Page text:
Top Energy Agency Says COP26 Pledges Signal 1.8°C of Warming
(Bloomberg) -- Pollution-cutting pledges made at crunch climate change talks in Glasgow would put the world on track for 1.8 degrees Celsius of global warming, according to the International Energy Agency.
Fatih Birol, head of the IEA, said they had totted up the figures, and concluded the world is now on track for 1.8°C warming. That projection may encourage COP26 President Alok Sharma who has said he wants to use the fortnight of talks to keep alive the chance of limiting warming to 1.5°C compared with pre-industrial levels.
Before COP26 began, the United Nations published official analysis which showed country pledges would still put the world on track for 2.7°C warming. That data only included pledges for 2030 that have been formally submitted as so-called Nationally Determined Contributions.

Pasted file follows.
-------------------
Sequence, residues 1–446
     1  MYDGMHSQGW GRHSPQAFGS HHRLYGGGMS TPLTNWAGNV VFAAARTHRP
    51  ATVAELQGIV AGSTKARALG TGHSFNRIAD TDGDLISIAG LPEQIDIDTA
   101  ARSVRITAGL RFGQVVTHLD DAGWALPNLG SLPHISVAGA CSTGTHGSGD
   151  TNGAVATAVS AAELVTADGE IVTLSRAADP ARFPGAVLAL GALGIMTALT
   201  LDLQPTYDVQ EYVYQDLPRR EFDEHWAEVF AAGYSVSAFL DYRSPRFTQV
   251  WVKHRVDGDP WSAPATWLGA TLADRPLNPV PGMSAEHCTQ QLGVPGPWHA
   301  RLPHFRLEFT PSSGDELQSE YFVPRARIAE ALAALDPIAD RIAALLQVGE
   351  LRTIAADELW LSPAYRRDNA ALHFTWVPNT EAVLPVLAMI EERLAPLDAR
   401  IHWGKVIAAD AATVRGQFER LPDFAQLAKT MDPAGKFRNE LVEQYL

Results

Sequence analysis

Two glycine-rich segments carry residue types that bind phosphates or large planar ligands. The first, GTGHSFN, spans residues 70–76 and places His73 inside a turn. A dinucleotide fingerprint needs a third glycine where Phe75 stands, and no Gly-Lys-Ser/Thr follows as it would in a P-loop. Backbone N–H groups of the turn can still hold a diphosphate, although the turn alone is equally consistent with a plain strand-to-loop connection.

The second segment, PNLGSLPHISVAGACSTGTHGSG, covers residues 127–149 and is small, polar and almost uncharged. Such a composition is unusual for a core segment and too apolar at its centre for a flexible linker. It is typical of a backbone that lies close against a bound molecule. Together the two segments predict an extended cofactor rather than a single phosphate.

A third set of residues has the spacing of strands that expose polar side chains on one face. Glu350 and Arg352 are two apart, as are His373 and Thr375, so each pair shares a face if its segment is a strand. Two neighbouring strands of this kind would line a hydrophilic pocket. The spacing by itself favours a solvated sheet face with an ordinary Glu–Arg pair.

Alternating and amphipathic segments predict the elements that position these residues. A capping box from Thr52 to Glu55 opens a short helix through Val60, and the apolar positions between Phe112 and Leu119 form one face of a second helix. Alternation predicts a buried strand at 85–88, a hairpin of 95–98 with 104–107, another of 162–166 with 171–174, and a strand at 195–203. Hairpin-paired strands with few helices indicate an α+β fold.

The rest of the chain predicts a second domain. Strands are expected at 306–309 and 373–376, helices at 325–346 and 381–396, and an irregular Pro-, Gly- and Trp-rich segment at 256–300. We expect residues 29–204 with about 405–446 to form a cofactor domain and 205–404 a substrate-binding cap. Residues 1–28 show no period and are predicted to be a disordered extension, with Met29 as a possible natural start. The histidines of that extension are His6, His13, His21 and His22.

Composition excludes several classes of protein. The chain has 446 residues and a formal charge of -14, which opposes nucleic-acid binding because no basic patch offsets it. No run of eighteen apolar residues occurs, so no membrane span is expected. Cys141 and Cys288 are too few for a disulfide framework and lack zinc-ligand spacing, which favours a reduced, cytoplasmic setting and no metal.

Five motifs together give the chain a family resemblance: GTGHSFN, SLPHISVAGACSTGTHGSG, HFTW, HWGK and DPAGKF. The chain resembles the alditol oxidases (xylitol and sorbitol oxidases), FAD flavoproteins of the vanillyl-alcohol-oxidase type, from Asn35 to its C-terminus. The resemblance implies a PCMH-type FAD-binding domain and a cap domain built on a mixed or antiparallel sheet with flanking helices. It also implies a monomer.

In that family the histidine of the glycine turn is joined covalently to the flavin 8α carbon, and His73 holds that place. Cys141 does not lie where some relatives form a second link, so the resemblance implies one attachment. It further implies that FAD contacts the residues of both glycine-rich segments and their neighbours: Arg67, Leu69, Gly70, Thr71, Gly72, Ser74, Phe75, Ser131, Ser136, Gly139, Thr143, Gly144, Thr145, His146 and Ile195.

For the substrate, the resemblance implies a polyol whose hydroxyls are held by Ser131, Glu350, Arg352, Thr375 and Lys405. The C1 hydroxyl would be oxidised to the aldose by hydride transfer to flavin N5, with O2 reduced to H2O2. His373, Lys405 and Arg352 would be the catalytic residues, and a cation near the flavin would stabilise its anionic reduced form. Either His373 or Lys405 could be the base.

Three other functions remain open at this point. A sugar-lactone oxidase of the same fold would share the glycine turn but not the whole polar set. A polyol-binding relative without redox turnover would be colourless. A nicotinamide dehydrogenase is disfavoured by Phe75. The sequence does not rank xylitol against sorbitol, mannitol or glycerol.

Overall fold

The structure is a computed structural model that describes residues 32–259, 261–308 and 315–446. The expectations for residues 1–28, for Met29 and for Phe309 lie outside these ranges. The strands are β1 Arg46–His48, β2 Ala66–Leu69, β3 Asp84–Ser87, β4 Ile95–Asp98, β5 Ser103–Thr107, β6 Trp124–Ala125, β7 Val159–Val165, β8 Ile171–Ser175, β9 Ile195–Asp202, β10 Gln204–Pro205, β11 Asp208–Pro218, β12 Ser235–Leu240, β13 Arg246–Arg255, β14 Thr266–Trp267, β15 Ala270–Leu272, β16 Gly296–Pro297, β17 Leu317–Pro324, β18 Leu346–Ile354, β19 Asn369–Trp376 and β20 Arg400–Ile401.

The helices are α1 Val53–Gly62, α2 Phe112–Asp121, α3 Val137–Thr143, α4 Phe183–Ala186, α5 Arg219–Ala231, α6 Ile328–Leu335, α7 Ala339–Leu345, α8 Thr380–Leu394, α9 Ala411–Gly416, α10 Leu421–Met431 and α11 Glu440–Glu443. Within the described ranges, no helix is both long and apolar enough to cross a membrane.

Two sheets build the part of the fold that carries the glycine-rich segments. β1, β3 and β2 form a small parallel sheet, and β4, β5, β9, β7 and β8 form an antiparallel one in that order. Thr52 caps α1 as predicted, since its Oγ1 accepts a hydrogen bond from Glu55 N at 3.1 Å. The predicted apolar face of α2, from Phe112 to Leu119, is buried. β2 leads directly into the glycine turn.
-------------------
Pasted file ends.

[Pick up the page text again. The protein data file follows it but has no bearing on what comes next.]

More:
The methane pledges at the summit would only be counted by the UN if they were formally included as NDC submissions. Signatories were also told the 30% burden wouldn’t fall on them individually but rather it was a collective goal. India’s 2070 goal wouldn’t be included as it hasn’t yet formally submitted that target through the NDC process. The NDC registry also only counts pledges for 2030, rather than long-term goals.
Researchers at the University of Melbourne also published analysis on Wednesday that found if all NDC and long-term pledges are fulfilled and adequately supported, the best-estimate of peak warming this century is 1.9°C.
“This is still a far stretch from halting warming around 1.5°C, but substantially improved over projections from just a few weeks ago,” it said.
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